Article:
Squeezing down spending increases by close to $1 million and pushing up projected revenues, the finance board put together a $141.5-million town and school budget that would mean a 1.92% tax increase next year.
“We’re trying to do our job for the taxpayers,” chairman Dave Ulmer said Tuesday night, as the finance board finished up a week and a half of work on the 2017-18 budget.
“I think we knocked it around pretty good, and the voters will see it,” said Marty Heiser, the finance board’s most aggressive advocate of cuts, summing up work that would hold the spending increase to 1.81%.
The finance board’s product — a $92.6-million school budget, $37.4-million town budget, $11.5 million for debt service, and a capital budget of $4.3 million — will be judged by voters in early May.
The $93-million school budget got the biggest haircut Tuesday night — an $884,000 reduction that lowered its percentage increase from the 3.48% requested by the Board of Education to the 2.5% recommended by the Board of Selectmen.
The selectmen’s budget was also trimmed, getting a $60,000 cut that reduced the total for town departments — police, fire, highway, parks and recreation, town administration — as well the annual road and infrastructure work to a total of $37.4 million, a 2.22% increase that’s down from the 2.39% spending hike sought by the selectmen.
The 1.92% tax increase needed to support that spending was achieved not only by the cuts but also through the finance board’s plan to siphon $1.8 million from the town’s fund balance and use it as non-tax revenue in the coming year.
The move leaves the fund balance — a year-to-year surplus sometimes called the town’s “rainy day fund” — at about $13.7 million. That’s about 9.7% of the total annual budget, slightly above the average 8%-to-9% range.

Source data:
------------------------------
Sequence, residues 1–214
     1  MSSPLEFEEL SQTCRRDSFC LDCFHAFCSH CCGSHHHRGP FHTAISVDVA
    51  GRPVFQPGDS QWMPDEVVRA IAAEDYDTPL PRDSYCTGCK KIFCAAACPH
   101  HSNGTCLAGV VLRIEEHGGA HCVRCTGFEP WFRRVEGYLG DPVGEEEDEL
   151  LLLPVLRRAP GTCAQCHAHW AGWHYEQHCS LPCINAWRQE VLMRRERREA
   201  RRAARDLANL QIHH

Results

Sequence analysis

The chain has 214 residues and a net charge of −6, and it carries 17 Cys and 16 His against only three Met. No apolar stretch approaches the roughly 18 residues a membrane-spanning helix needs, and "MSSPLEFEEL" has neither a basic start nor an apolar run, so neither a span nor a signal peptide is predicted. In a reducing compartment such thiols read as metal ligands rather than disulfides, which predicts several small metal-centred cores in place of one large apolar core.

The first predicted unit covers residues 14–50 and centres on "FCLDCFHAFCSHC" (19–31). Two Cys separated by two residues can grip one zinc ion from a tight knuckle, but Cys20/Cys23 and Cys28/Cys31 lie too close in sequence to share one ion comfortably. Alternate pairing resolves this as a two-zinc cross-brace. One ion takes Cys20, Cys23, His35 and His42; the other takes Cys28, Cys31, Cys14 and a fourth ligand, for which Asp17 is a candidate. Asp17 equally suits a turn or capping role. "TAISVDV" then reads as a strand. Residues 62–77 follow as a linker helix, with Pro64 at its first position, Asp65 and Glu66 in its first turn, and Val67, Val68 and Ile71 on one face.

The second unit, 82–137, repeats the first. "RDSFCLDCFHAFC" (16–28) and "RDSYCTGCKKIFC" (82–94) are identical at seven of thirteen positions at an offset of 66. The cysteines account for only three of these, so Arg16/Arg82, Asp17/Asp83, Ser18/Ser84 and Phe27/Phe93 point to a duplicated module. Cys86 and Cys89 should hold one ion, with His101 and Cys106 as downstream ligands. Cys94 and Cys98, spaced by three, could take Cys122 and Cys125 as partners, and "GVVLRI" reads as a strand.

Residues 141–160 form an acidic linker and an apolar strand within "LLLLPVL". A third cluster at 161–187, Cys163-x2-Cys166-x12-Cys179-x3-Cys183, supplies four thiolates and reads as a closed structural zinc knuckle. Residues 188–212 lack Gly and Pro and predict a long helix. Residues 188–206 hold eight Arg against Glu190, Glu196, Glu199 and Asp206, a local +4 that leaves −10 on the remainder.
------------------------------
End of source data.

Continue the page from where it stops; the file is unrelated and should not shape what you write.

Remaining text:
School board Chairwoman Fran Walton said after Tuesday’s meeting that the $884,000 reduction in the school proposal would be felt in classrooms.
“I’m disappointed with the budget cut, as it will have an impact on education in Ridgefield,” Walton said. “The BOE will consider the revised target over the next couple of weeks and bring it to our April board meeting.”
“This isn’t a cut to the budget, it’s a reduction to the requested increase,” said Heiser, who proposed the $884,000 school budget cut.
He noted that the reduction would bring the education increase down to the 2.5% recommended by the Board of Selectmen in its “non-binding” opinion.
But the school board, Heiser said, had not reduced the superintendent’s requested budget at all, and had “just passed it through” to the finance board without cuts.
“In an environment of continuing decreases in enrollment, it isn’t reflected in the budget,” he said.
Neighboring towns including Wilton, Redding and New Canaan were all discussing school budget increases at or near zero this year, Heiser said.
Will it pass?
Jessica Mancini, who seconded Heiser’s motion, said she was worried about the budget passing at referendum.